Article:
Amazon adding 450 corporate and technology workers downtown

The expansion of its Chicago Tech Hub comes as some of the retailer’s warehouse workers here plan a walkout at two facilities to protest pay and working conditions.

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The tall building and the one directly in front of it make up the complex called the Franklin, where Amazon has its Chicago Tech Hub.

The tall building and the one directly in front of it make up the complex called the Franklin, where Amazon has its Chicago Tech Hub.

Tishman Speyer

Amazon, having blanketed the Chicago area with distribution facilities, now plans to add corporate and technology workers downtown. Meanwhile, some Amazon warehouse workers plan to walk out over pay and working conditions as pressure to complete Christmas deliveries builds.

The company said Tuesday it will hire 450 people during the next few years at the Loop office it calls its Chicago Tech Hub. To accommodate them, Amazon said it will lease 67,000 square feet at 222 W. Adams St., adding to the 140,000 square feet it occupies in a connected building at 227 W. Monroe St.

“These 450 new roles will join the more than 1,000 corporate and technology employees already working here in Chicago,” Brian Huseman, vice president of public policy at Amazon said in a news release. “Chicago’s many amenities and proximity to outstanding academic institutions continue to attract and develop an incredible talent pipeline. We look forward to continue investing in Chicago and creating exciting career opportunities as we build on our strong relationships with the local community and its leaders.”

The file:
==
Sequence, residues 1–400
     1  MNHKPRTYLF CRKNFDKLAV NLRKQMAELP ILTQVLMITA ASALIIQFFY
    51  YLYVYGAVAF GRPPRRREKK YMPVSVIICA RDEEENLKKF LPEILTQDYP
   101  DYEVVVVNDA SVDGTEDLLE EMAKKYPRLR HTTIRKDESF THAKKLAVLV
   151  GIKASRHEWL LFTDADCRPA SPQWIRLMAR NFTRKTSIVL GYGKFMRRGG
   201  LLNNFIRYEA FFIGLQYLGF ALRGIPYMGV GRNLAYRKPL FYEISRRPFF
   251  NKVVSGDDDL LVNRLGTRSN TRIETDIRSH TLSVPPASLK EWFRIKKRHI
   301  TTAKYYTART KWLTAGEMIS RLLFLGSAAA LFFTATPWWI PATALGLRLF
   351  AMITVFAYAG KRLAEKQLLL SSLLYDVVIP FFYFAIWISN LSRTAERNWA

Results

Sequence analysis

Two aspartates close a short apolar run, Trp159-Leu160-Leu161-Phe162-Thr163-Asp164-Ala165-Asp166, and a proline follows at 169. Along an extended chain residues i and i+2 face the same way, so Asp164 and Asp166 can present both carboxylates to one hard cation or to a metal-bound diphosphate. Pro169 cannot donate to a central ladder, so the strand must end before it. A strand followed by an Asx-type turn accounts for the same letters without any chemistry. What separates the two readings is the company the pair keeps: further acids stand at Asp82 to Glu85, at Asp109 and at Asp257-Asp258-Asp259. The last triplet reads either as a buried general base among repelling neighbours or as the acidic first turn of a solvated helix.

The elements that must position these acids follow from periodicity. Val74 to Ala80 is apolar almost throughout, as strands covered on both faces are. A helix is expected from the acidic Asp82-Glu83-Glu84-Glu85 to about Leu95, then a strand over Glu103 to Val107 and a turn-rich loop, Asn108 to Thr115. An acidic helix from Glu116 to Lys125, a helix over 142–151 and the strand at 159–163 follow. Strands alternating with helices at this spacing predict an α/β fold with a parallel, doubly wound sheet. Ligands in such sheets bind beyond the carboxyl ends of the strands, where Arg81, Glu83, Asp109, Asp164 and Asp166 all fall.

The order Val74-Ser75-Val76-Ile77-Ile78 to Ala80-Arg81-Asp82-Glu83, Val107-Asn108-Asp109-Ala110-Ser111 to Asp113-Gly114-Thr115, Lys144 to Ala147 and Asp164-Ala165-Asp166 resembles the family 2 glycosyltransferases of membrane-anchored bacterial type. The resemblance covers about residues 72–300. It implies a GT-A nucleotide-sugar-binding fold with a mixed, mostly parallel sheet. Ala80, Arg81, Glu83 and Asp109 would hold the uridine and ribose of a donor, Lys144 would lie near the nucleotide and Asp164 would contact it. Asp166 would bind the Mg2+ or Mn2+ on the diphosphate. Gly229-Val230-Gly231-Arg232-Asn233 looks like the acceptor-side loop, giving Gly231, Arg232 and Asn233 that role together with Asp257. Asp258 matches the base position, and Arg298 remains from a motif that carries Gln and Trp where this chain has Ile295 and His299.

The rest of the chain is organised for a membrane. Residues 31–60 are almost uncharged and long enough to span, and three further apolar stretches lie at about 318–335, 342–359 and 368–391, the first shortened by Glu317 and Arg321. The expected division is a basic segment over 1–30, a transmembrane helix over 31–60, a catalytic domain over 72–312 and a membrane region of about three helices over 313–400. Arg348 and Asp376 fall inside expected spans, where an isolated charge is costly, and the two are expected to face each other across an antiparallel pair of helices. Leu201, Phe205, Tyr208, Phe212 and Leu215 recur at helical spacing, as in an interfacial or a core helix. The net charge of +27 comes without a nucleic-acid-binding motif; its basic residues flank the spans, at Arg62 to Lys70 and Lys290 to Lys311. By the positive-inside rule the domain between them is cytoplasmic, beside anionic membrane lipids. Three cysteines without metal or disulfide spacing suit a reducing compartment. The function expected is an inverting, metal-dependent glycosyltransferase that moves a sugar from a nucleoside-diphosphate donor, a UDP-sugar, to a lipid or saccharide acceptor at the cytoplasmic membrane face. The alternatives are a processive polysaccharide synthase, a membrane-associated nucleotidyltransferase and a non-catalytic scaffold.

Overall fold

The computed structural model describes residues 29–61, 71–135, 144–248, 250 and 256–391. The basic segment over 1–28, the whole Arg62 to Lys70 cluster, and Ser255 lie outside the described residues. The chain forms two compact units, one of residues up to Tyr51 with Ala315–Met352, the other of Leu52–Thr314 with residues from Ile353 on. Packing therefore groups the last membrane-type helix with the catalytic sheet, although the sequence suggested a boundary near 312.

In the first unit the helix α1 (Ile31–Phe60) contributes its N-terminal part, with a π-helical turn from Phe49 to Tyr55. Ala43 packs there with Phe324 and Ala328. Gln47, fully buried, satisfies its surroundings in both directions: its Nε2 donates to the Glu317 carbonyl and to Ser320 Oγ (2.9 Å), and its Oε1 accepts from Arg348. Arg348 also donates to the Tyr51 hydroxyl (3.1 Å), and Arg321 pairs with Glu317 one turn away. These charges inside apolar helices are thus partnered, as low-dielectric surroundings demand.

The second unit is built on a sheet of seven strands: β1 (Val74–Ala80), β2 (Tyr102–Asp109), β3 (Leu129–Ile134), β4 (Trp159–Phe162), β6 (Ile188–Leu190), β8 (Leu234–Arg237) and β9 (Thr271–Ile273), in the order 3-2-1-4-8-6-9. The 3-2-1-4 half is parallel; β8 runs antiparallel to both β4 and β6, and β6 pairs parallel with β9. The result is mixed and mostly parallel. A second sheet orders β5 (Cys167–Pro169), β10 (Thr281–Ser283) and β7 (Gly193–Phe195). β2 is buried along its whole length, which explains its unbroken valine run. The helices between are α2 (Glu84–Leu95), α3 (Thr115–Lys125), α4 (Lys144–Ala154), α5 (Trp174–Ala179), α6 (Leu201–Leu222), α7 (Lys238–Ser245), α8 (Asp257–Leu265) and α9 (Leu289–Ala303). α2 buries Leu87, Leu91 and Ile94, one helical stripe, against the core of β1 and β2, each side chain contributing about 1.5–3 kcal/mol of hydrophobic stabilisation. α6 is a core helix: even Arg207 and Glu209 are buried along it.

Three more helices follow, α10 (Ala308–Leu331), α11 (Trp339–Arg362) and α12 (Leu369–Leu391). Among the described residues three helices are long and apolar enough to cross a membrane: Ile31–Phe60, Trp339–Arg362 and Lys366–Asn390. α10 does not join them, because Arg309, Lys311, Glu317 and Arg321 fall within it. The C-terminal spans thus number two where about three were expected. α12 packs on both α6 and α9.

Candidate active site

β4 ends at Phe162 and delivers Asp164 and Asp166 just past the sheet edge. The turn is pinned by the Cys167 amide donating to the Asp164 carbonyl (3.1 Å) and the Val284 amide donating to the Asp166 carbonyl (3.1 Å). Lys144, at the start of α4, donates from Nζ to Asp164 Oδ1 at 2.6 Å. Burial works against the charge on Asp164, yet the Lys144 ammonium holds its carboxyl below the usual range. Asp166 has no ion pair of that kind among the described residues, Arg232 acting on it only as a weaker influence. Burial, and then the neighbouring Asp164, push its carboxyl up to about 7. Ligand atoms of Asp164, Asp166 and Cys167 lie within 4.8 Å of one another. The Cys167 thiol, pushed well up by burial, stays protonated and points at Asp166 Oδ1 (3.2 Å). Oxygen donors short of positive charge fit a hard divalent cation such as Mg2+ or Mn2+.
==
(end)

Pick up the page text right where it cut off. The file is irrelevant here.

The company’s announcement included comments from Mayor Lori Lightfoot praising Amazon’s decision and highlighting Chicago’s appeal in the tech economy.

But Amazon’s growing presence has created controversy here, with some neighborhoods angry about the environmental impact of its operations and frontline workers complaining that management doesn’t respond to concerns.

Warehouse workers organized as Amazonians United Chicagoland said they plan a walkout Wednesday morning at sites in Cicero and in Chicago’s Gage Park neighborhood. Ted Miin, an Amazon employee who supports the walkout, said management has not responded to worker requests for a $3-per-hour raise.

He declined to say if workers are timing the walkout to disrupt last-minute gift deliveries.

Miin said workers in Gage Park make $16 to $18 per hour, while newly hired people in Pullman earn $19.50. The workers also charged that insufficient staffing has made conditions unsafe.

The company did not respond directly to those statements. Spokesperson Barbara Agrait said, “We respect the rights of employees to protest and recognize their legal right to do so. We are proud to offer employees leading pay, competitive benefits and the opportunity to grow with our company.”

It has settled charges filed with the National Labor Relations Board that it illegally disciplined workers here because of a 2020 walkout.

Also, Amazon faces a federal probe into its workplace safety practices. On Dec. 10, a powerful tornado leveled much of its distribution center in downstate Edwardsville, near St. Louis, killing six employees. The retailer has emphasized that workers had little time to respond to the approaching twister, part of a rash of storms in the Midwest and South.

The new hires downtown will include data engineers, business development managers, financial analysts and others who support Amazon Web Services, Amazon Ads, and Amazon Retail, among other teams. has further information.

The expanded Chicago Tech Hub is expected to open late in 2022, the company said. It is leasing space in adjoining properties that landlord Tishman Speyer markets as the Franklin.

The expansion is part of an initiative to create 3,000 jobs at tech hubs in Austin, Texas; Chicago and Phoenix over the next few years, Amazon said.

Counting all its operations, from its giant fulfillment centers to its grocery stores, Amazon said it accounts for 36,000 full- and part-time jobs across Illinois.

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